In the Palaearctis, one of the eight ecozones dividing the Earth surface. Physically, the Palearctis is the largest ecozone. It includes the terrestrial ecoregions of Europe, Asia north of the Himalayan foothills, northern Africa, and the northern and central parts of the Arabian Peninsula.
An organism that spends a significant portion of its life history attached to or within a single host organism which it ultimately kills (and often consumes) in the process. Thus they are similar to typical parasites except in the fate of the host. In a typical parasitic relationship, the parasite and host live side by side without lethal damage to the host.
Literally: stalk. Can be used to indicate the common stem of two veins (basal part before fork) or the vein that is formed when two veins running towards the wing margin merge, for example R4+5 and M1+2 in some families of the Calyptrata.
Using a second organism for transportation (like 'hitching a ride'). The adjective is phoretic. For example, the phoretic sphaerocerid fly Norrbomia frigipennis mates on scarabid dung beetles, follows them underground, and lays eggs in the collected dung.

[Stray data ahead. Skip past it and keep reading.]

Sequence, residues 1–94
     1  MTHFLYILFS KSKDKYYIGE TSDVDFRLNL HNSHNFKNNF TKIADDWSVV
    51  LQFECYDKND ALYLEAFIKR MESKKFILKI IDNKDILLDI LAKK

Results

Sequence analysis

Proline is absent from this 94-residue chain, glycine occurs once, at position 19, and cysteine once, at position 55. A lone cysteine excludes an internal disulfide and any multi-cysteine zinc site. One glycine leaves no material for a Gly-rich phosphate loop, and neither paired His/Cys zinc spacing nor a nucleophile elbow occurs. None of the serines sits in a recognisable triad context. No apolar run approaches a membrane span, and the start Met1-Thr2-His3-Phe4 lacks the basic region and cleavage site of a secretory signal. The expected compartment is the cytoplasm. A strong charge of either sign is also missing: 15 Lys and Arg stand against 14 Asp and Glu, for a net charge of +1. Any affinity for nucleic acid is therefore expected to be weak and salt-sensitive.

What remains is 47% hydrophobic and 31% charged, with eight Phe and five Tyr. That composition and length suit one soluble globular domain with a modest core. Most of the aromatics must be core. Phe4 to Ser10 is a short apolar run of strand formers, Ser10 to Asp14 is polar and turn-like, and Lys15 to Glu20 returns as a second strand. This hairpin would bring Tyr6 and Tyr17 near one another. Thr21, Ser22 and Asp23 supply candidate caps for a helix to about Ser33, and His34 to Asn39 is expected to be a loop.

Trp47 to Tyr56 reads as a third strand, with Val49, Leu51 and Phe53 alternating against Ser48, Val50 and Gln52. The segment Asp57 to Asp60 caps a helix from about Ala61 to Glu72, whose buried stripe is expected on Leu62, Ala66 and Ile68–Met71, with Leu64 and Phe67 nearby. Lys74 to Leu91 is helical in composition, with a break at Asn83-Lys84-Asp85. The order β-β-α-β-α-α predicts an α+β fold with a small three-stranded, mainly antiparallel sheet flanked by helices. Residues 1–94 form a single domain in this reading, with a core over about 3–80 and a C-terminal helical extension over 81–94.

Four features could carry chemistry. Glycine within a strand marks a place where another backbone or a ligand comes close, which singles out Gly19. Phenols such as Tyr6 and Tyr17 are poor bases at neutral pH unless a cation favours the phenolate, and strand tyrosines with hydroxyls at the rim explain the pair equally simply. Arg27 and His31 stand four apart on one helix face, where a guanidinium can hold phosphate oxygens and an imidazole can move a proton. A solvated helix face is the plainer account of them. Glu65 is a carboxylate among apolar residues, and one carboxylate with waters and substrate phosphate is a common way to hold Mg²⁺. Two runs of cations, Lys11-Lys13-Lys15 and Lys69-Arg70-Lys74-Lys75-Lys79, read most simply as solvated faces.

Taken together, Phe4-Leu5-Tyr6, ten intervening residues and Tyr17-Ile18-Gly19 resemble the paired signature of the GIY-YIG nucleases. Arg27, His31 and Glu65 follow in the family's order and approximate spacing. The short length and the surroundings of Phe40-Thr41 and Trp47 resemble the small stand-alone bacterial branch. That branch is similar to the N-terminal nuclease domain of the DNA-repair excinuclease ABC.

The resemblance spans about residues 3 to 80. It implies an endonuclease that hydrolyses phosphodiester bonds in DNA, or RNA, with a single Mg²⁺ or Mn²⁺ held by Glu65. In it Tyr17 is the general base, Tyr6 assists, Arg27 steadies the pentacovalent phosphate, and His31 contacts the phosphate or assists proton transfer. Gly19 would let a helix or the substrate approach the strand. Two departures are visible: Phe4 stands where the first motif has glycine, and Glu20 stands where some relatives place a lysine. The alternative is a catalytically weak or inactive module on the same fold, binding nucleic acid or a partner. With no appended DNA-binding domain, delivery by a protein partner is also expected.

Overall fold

The process where flowering plants are fertilised by the transfer of male pollen to the female stigma by animals, air or water currents. Diptera are very significant pollinators, often more so than Hymenoptera, but they are often named, only to family, incorrectly, or not at all.
Feeding on a range of food sources, for example, Diptera with an unspecialised diet (omnivorous). Polyphagous may be used to describe an herbivorous insect that feeds on a broad range of plant species, a predator that feeds on many species of prey, a parasite that feeds on a broad range of host species, or a species that has larvae that feed on different kinds of organic matter, both animal and plant, for example.